This is a 1936 home in Virginia with BX wiring and metal switch and outlet boxes. We went to replace original three-way light switches located at the top and the bottom of the stairs controlling a hall light and found that the neutral wire from switch at the bottom of the stairs is connected to the metal box at the top of the stairs. There is no other neutral in the box at the top of the stairs to connect it to otherwise. With the new switch, connecting it to the metal box is only way to make it work. Is that o.k.? It seems to have worked for 80 years.


No, you cannot bootleg neutral from the very rickety ground BX provides.

It worked for 80 years because normal switches don't need neutral. You are introducing a new wrinkle: a smart switch that does. Here is how classical 3-way circuits work. Remember current flows in loops, and the route may differ, certainly as will the color codes.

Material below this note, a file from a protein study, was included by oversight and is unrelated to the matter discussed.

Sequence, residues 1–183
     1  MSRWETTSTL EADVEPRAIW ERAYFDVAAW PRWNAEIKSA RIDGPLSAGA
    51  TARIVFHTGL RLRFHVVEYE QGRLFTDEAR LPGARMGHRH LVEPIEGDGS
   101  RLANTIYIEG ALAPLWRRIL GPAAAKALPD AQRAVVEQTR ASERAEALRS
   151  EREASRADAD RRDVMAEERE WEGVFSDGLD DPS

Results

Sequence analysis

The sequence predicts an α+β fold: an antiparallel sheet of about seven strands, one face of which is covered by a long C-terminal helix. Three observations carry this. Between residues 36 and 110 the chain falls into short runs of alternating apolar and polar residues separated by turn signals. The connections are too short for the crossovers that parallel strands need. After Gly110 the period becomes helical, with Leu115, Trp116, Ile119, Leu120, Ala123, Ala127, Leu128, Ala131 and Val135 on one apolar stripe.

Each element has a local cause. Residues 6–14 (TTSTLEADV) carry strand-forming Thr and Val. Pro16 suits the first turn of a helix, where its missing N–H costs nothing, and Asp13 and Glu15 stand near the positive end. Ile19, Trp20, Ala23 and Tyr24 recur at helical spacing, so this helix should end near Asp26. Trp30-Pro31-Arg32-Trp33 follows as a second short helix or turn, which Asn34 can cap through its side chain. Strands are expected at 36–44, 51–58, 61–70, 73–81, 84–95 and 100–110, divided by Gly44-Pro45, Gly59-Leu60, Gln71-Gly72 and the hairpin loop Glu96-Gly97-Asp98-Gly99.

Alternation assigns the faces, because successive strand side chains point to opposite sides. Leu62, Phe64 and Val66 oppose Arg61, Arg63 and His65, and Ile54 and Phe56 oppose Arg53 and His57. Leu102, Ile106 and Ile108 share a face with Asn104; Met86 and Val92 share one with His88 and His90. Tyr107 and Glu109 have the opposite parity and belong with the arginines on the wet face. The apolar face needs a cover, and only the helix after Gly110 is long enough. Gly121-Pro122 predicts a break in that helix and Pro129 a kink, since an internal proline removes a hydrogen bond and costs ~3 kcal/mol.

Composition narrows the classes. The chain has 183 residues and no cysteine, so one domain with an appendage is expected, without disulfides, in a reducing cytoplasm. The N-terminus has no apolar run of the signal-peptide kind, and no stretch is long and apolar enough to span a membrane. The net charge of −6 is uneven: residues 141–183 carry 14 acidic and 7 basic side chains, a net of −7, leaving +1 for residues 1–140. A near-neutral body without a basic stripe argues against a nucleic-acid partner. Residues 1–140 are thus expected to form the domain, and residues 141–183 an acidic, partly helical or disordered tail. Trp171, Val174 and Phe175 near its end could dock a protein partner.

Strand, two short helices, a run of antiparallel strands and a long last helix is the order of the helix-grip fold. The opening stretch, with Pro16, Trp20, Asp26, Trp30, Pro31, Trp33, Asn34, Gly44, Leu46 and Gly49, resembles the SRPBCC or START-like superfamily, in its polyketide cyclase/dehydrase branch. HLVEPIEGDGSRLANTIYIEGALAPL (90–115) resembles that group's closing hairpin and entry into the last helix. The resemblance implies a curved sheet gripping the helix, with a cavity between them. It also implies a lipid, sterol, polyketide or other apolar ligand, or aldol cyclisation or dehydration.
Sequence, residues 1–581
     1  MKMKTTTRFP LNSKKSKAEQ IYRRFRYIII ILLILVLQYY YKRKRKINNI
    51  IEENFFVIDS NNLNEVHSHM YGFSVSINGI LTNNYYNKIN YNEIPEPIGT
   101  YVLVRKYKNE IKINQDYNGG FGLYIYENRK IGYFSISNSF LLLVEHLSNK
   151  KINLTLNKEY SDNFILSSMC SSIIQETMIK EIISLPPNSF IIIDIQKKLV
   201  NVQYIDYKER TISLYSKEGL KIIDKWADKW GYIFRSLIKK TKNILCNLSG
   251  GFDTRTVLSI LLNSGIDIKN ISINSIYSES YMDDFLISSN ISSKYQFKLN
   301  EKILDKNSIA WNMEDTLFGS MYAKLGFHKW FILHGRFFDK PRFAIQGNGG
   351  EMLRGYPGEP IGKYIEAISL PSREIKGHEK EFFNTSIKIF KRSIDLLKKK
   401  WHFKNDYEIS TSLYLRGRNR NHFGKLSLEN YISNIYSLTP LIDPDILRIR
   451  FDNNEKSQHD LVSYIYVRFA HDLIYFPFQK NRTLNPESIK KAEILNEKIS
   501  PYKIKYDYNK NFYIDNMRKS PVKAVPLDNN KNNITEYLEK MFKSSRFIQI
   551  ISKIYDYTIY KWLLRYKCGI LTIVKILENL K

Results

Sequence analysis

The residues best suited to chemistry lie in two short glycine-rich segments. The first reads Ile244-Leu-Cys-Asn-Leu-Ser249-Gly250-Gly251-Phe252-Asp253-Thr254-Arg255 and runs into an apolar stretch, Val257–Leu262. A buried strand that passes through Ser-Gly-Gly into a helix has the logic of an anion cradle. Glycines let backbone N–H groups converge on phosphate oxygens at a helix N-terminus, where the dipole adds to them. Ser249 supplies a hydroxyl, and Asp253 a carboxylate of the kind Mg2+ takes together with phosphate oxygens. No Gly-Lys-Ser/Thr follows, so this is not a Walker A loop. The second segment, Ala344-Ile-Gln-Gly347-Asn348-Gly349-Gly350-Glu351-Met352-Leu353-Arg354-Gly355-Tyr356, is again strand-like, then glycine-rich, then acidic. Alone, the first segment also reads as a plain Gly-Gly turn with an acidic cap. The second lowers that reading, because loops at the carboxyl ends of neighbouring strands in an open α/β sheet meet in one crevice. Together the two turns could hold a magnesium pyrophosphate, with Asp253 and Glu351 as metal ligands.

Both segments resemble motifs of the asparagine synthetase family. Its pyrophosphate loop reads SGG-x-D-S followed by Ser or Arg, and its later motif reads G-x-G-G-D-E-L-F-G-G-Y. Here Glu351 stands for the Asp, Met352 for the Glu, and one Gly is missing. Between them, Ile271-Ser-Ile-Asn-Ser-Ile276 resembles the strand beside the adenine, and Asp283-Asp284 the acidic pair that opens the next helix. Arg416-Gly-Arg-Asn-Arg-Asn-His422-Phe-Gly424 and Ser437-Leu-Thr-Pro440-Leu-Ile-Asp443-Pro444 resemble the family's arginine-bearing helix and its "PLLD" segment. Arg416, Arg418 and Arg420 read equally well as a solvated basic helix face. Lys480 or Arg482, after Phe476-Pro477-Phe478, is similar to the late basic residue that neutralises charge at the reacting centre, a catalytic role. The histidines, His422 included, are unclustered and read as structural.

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Note that neither 3-way switch uses neutral, and the "remote" 3-way doesn't even have neutral anywhere near. Remember: installers are stuck with the colors that cables are manufactured with, so white wires may not be be neutral. Travelers are the ones that land on brass screws, they can be any color. I prefer to mark wires with colored tape to indicate their actual function, but apparently, I'm weird.

The problem is you want to put the smart switch somewhere it can't go. You need to rethink.

Generally, you handle this by carefully selecting a smart-switch master that goes at the switch location that does have a neutral. Then you either accept a plain switch at the remote location, or use a matching smart switch "remote". In the latter case, you re-task the 3 wires to be whatever you need for the remote to work.

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